The Last Australian

Fresh from watching one of the most harrowing miniseries I’ve seen in a long time I am deeply affected and I have a lot to say.

‘Better Man’ is an Australian series based on real events; the trial and execution of Van Tuong Nguyen. Van was 23 years old when he tried to smuggle 396.2g of heroine from Pnom Penh to Melbourne via Singapore. While in transit he set off a metal detector and was found to have one package strapped to his body, and he admitted to having another in his luggage.

This had been his first criminal offence.

The reason Van gave for choosing to get involved in this operation was to pay back $25k debt he had accumulated in paying for his brother’s legal team when he was charged with assault and drug offences (he was a former heroine addict). While struggling to make repayments he met a man named Tan who advised him he would repay his debts in exchange for his assistance in transporting a package from Cambodia to Australia via Singapore. Van was aware that the packages contained heroine.

The amount he was carrying was over 26 times the amount that mandates a death sentence in Singapore. Although Australia was the intended destination, he was arrested, charged and sentenced to death.

Despite a solid appeal and attempt at clemency, addressing the media and politicians (including John Howard, our Prime Minister at the time) directly and many public appeals, Van was hanged 2nd December 2005.

At the time he was the last Australian to be executed for drug trafficking. Since then two members of the Bali Nine were killed by firing squad in August last year, Andrew Chan and Myuran Sukumaran.

Fresh to Australia I don’t remember hearing about this case. My first knowledge of this type of story was that of the Bali Nine and Schapelle Corby.

I’m going to start my analysis with a very clear statement. I strongly oppose the death penalty. In the case of drug charges I find it abhorrent. Drugs are a choice, and though they ruin and end lives we will never be able to destroy them completely and there will always be more traffickers and users. I have seen people ruin their lives with the frequent use of marajuana but I don’t blame the dealer for that. We all make a choice.

In the case of rape, murder and molestation, the victims don’t get a choice. I’m all for the prolonged torture and life long misery of those monsters, but drugs are on a completely different playing field.

As someone who really would do anything for her family if they needed her, my heart ached for Van. I am sure he was no angel just like the rest of us but he was in debt because he protected his brother. He ruined his own chances of getting ahead because he was needed. Making the choice to traffic to repay those debts was so naive, but could we not all end up in a desperate place and make a bad decision when we see no other way out?

He was 23 when he made that choice.

I sit here, 25 years old, the same age he was when he was killed. I’m thankful for my well paying job and my family’s support, knowing fine well that I would probably do stupid things for my family too. They are my universe.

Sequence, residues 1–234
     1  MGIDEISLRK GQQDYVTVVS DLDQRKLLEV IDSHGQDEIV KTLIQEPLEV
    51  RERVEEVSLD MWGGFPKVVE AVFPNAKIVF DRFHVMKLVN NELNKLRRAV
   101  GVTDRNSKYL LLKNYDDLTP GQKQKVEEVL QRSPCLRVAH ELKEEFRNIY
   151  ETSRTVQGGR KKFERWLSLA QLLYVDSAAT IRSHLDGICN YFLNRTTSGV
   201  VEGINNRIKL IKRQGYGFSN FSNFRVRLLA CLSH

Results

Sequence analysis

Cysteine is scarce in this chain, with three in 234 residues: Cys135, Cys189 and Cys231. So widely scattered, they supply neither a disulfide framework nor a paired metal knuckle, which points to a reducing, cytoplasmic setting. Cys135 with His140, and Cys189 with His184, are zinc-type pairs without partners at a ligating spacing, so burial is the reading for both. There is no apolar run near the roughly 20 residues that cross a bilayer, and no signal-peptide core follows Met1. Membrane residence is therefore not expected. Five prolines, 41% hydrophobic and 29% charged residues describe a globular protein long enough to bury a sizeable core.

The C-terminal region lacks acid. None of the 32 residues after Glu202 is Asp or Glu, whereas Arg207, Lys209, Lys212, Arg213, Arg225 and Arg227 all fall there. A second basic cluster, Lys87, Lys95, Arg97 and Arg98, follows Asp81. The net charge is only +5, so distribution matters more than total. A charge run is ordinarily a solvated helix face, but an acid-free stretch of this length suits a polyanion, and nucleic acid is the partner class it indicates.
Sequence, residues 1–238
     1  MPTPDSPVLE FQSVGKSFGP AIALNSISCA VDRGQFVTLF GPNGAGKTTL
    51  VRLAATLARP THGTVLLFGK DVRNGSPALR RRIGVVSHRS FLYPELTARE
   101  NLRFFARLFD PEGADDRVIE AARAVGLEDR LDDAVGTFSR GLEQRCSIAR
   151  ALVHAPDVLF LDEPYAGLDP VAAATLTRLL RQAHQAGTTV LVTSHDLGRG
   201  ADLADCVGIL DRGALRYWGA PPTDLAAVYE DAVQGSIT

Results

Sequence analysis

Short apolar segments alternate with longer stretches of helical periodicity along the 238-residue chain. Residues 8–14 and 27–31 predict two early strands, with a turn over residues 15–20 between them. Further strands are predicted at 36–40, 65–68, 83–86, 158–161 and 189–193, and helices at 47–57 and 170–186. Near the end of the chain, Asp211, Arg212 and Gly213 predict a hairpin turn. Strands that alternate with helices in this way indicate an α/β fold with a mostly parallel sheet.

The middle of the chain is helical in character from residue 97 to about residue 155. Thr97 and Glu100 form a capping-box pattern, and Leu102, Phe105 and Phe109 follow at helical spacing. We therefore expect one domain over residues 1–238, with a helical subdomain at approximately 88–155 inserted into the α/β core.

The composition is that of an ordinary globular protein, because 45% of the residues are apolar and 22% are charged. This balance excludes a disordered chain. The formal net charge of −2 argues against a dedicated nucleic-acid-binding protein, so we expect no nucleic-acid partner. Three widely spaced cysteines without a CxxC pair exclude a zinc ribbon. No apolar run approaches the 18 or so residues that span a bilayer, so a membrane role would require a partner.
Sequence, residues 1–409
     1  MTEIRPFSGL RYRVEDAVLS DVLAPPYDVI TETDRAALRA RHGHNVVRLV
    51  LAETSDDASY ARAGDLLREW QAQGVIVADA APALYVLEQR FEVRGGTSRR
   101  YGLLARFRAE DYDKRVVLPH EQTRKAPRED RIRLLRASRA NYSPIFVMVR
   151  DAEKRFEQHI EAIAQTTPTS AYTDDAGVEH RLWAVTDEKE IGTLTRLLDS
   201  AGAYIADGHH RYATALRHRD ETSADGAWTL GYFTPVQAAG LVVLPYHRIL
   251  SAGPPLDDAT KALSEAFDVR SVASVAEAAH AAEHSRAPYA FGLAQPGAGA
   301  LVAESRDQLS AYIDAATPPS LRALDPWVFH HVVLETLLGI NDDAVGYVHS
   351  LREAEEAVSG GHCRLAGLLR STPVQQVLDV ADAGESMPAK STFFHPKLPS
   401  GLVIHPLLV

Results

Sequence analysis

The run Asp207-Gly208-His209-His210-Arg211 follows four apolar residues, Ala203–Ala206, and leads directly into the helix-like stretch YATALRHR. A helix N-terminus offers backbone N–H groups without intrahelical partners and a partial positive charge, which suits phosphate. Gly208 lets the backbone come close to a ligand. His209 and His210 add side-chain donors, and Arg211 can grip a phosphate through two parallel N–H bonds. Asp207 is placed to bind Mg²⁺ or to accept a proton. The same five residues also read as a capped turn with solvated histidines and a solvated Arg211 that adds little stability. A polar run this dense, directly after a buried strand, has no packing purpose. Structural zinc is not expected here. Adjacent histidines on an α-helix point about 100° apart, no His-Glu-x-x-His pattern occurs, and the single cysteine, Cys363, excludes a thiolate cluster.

I think what kills me most about the state of this case, the state of the Australian mindset these days, is the 48% of Aussie’s who thought he deserved to die; the hundreds and thousands of people who sit behind their keyboards and preach hate and intolerance on a daily basis. I think this ties in to another issue that I have felt boiling up inside me for years now.

Van’s mother arrived a pregnant refugee from Vietnam. He and his brother were born here.

In 1996 Pauline Hanson, a recently re-elected politician, made the statement that Australia was being ‘swamped by Asians’. So could it have anything to do with his Vietnamese name or appearance than Van didn’t receive the same national affection like that of pretty, white Schapelle? Perhaps if he had had the same appeal he’d still be here today.

So darling Pauline now believes the Muslims are taking over.

I don’t hate people, but by God I wouldn’t be in a hurry to waste my water if she were on fire. What a vile, hate spewing individual. I feel like she is Australia’s xenophobia personified.

Where has our humanity gone? Why does it matter what someone looks like or what language they speak? Come the second generation they’ll have Aussie accents too. Do I get penalised for my dodgy mid-Atlantic accent when I’m with my parents? No. Probably because I’m white.

I know that this post isn’t going to change anyone’s mind, I’m not so self important that I think my opinion matters more than anyone else’s. I just want my beautiful, caring humanitarian friends to be reminded to keep fighting the good fight. Only we can stop the fear and teach acceptance by practicing it at every opportunity.

We live in a wonderful, richly multicultural country and in a few years time when who ever else’s turn it is to start invading our shores (probably the sharks. Shall we just cull them all now and get ahead?) we’ll walk around our CBD at a sea of faces with Aussie twangs and maybe people will hate each other a little less. You hear that Wogs? You’ve officially been accepted now 😉

But if one more person uses the ‘look after your own’, ‘we are full’ argument with me I’m telling you now, I will punch you straight in the face you arrogant, selfish human. We’re all just blood and guts on the inside mate, we don’t choose where we are born and one thing Australia will never be is fucking full. The immigration issues we are having here are completely different to that of the States and Europe. I’m not even going to start on their politics. National front my arse.

Change isn’t a bad thing; my absolutely favourite life lesson is the most important one: you shouldn’t be scared of something because it’s different.

Please watch Better Man on Stan or YouTube if you have the time guys.

I love you all rainbow fam.

Harleigh Q